A federal district judge has denied Apple’s attempt to get a preliminary injunction against Amazon’s use of the phrase “app store” for its developer program.
Judge Phyllis Hamilton for the U.S. District Court in Oakland, Calif., ruled yesterday that Apple “has not established a likelihood of confusion” and rejected the company’s bid to force Amazon to stop using the phrase, but stopped short of ruling that “App Store” was too generic to merit a trademark, as Amazon claims.
“The court finds that Apple has not established likelihood of success as to the
infringement claims,” Hamilton wrote in her decision. “The court assumes without deciding that the ‘App Store’ mark is protectable as a descriptive mark that has arguably acquired secondary meaning. The court does not agree with Amazon that the mark is purely generic, for the reasons argued by Apple, but also does not find that Apple has shown that the mark is suggestive, as there appears to be no need for a leap of imagination to understand what the term means.”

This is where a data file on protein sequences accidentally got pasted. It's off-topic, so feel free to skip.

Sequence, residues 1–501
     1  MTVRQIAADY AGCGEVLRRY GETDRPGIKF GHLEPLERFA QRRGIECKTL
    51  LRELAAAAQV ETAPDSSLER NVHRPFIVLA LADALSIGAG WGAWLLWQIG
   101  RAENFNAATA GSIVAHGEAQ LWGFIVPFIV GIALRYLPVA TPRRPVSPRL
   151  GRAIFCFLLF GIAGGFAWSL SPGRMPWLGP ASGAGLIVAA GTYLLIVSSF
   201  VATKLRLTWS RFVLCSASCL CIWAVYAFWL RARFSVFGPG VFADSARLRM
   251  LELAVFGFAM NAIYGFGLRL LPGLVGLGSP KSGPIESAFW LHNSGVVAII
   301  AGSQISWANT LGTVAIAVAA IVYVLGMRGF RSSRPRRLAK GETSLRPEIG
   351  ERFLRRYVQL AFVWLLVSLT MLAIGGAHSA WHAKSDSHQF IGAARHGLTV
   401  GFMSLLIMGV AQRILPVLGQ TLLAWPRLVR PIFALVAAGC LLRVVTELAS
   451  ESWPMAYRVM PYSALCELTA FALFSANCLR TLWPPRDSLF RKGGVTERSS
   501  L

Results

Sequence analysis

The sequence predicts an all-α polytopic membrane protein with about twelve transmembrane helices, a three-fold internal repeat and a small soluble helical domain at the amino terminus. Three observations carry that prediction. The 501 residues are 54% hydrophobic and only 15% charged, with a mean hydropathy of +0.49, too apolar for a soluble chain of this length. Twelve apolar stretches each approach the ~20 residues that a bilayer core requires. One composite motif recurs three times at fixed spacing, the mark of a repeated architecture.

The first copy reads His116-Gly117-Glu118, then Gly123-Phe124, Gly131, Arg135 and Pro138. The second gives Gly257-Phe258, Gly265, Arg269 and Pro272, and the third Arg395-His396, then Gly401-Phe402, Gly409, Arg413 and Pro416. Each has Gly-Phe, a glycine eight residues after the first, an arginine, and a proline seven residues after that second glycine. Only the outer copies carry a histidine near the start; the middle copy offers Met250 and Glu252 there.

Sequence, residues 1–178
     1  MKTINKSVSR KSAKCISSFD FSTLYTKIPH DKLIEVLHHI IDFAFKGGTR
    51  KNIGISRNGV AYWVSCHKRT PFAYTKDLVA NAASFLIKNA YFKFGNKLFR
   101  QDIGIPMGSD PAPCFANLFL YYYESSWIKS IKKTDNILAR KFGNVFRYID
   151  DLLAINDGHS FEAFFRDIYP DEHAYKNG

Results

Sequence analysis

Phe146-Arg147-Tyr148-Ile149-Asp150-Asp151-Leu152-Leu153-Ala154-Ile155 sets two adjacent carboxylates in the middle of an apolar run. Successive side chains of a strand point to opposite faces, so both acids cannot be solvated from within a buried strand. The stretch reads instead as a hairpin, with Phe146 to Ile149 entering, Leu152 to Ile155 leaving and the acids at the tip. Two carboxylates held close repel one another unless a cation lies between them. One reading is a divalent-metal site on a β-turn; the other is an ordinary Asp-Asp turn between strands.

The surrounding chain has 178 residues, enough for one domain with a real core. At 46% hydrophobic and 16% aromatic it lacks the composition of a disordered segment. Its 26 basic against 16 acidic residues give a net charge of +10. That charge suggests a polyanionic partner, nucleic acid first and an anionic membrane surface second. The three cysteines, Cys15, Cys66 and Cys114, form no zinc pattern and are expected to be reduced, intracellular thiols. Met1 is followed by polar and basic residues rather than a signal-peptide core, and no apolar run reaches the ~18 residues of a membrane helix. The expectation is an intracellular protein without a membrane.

Apple, which applied for a trademark on the phrase “App Store,” sued Amazon in March after the online retail giant launched its Android application storefront, dubbed Amazon Appstore for Android.
Hamilton’s ruling on the injunction did not seem to bode well for Apple’s case. The judge ruled that Apple “has not established that it is likely to prevail on the ‘confusion’ element of its infringement claim” and found that just two of Apple’s eight arguments “somewhat favor” the company’s trademark claim. Hamilton also ruled that “three factors somewhat favor Amazon. The remaining three factors are neutral, or do not clearly favor either side.”
Apple is fighting to protect the App Store mark on several fronts. Microsoft, Nokia, Sony Ericsson and HTC are all contesting the validity of the term as a trademark in Europe, arguing that “app store” cannot be registered as a trademark because it is generic. Microsoft has also filed an opposition to the trademark application with the U.S. Patent Office.